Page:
Figure 11. Daily net energy output of the whole solar noise barrier.
Figure 12 shows the daily PR of the whole system¹. Generally, the days characterized by very low PR values, e.g. below 60%, do not indicate a bad performance of the PV noise barrier, but only that parts of the system were shut down due to maintenance works. Maintenance works include, for example, replacement of connectors, replacement of damaged glass and general investigation, and those took place mostly in January/February 2019, May/June 2019 and from around December 2019 to February 2020.
¹ PR calculations have been performed up to the 5th of June 2020 because of the interruption of the TNO monitoring system (including power data from the power meters and irradiance data from the pyranometers). Power data for the month of June were retrieved from the SolarEdge portal.
Figure 12. Daily overall performance ratio of the whole solar noise barrier.
Figure 13 and Table 2 show the monthly breakdown of the total energy output of the solar noise barrier, differentiating between the different areas.
The net yearly energy yield for 2019 was 202.84 MWh/year, corresponding to an AC specific yield of 816.8 kWh/kWp. The total output of the 18-month period amounts to 325,5 MWh.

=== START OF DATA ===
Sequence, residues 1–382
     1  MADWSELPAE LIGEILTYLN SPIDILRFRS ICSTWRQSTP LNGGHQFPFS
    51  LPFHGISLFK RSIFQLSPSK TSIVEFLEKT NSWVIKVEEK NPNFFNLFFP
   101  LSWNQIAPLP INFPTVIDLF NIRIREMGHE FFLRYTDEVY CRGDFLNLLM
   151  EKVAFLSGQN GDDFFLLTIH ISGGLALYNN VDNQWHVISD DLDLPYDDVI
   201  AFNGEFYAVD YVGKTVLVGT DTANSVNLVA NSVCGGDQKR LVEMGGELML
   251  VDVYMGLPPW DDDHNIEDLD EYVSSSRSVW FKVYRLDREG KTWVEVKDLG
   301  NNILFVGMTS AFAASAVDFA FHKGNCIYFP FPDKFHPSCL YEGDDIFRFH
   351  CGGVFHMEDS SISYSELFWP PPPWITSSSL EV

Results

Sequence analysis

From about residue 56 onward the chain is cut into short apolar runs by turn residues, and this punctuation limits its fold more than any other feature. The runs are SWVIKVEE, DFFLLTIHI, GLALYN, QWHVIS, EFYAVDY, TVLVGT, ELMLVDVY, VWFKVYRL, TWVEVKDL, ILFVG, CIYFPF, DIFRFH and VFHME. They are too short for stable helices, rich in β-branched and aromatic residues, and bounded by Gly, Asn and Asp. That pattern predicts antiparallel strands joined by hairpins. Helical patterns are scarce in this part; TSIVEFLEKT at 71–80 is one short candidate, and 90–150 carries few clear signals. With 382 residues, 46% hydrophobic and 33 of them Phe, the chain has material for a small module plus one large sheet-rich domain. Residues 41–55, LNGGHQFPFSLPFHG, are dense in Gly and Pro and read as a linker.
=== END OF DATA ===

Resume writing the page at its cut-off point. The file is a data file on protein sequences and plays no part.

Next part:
Figure 13. Breakdown of solar noise barrier energy production for every month.
|Prod 1||Prod 2||Test 1||Test 2||Test 3||Test 4||Test 5||Test 6||TOTAL|
Table 2. Monthly energy yield of all production and test areas for the complete period.
The monthly performance ratio of the production areas and test areas are respectively shown in Figure 14 and Figure 15, and summarized in Table 3.
Figure 14. Monthly PR of the two production areas.
Figure 15. Monthly PR of the six test areas
|Prod 1||Prod 2||Test 1||Test 2||Test 3||Test 4||Test 5||Test 6|
|Total 18 months||71,5||76,2||75,5||74,6||75,4||73,7||73,1||76,0|
Table 3. Monthly PR (%) of each zone and average value for the whole period.
Looking at the graphs and at the table, a few observations can be made. In the whole period, production area 2 performed better than production area 1, with an overall PR of around 76% and 71%, respectively. The main cause for this can be attributed to the fact that production area 1 comprises the Moleneind underpass. As shown in Figure 10, in proximity of the underpass four sections (two on each side) overlap, thus casting shade on each other; the PR of those sections are constantly lower than the rest.